Published on Academy of American Poets (https://poets.org)


I Never Saw That Land Before

I never saw that land before, 
And now can never see it again; 
Yet, as if by acquaintance hoar 
Endeared, by gladness and by pain, 
Great was the affection that I bore 

To the valley and the river small, 
The cattle, the grass, the bare ash trees, 
The chickens from the farmsteads, all 
Elm-hidden, and the tributaries
Descending at equal interval; 

The blackthorns down along the brook 
With wounds yellow as crocuses 
Where yesterday the labourer's hook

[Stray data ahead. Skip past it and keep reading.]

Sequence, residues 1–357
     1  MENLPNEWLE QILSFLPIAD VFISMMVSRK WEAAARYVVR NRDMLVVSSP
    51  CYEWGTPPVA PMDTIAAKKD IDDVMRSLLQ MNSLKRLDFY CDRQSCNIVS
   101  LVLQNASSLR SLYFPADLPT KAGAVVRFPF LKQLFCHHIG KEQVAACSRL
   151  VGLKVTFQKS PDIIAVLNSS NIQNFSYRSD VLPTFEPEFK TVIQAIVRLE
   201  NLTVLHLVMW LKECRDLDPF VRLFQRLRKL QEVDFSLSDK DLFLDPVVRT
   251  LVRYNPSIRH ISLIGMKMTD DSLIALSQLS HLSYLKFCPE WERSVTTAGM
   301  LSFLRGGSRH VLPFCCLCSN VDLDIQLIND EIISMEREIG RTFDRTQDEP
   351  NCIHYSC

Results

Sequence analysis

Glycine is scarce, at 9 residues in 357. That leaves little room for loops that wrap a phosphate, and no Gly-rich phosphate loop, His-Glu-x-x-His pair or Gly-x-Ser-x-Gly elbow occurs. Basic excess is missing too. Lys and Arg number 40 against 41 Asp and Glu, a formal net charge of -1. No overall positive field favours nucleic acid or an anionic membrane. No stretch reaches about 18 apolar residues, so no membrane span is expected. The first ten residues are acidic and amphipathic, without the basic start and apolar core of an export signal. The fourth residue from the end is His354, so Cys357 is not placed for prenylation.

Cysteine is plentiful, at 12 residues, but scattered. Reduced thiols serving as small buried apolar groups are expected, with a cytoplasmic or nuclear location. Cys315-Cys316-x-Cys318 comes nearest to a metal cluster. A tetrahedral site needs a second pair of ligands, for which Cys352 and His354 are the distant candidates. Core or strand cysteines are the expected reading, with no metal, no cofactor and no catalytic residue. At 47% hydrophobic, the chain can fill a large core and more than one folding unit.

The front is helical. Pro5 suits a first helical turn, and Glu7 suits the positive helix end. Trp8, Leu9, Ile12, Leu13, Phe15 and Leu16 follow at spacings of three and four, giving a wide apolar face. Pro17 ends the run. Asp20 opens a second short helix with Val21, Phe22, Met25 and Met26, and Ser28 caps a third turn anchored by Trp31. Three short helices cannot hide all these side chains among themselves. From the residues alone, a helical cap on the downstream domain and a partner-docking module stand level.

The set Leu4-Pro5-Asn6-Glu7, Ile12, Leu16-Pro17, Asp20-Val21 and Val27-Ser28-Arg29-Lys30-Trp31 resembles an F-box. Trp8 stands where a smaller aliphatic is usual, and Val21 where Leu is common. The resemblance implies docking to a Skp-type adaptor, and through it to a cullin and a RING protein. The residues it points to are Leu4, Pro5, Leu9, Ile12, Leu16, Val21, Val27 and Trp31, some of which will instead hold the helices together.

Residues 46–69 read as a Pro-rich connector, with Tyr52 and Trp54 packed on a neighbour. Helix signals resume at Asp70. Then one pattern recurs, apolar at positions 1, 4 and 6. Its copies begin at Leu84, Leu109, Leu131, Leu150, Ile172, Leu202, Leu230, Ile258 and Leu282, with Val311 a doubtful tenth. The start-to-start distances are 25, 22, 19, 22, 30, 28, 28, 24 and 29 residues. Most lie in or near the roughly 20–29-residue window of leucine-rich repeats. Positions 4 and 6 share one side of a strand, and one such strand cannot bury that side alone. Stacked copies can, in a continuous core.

Had sliced them cleanly; and the breeze 
That hinted all and nothing spoke. 

I neither expected anything
Nor yet remembered: but some goal 
I touched then; and if I could sing 
What would not even whisper my soul 
As I went on my journeying, 

I should use, as the trees and birds did, 
A language not to be betrayed;
And what was hid should still be hid 
Excepting from those like me made 
Who answer when such whispers bid.

Credit


This poem is in the public domain.

Author


Edward Thomas

Philip Edward Thomas was born in London in 1878. A close friend of the poet Robert Frost, he wrote much of his poetry while serving as a soldier during World War I. He was killed in France on April 9, 1917.

Date Published: 1918-01-01

Source URL: https://poets.org/poem/i-never-saw-land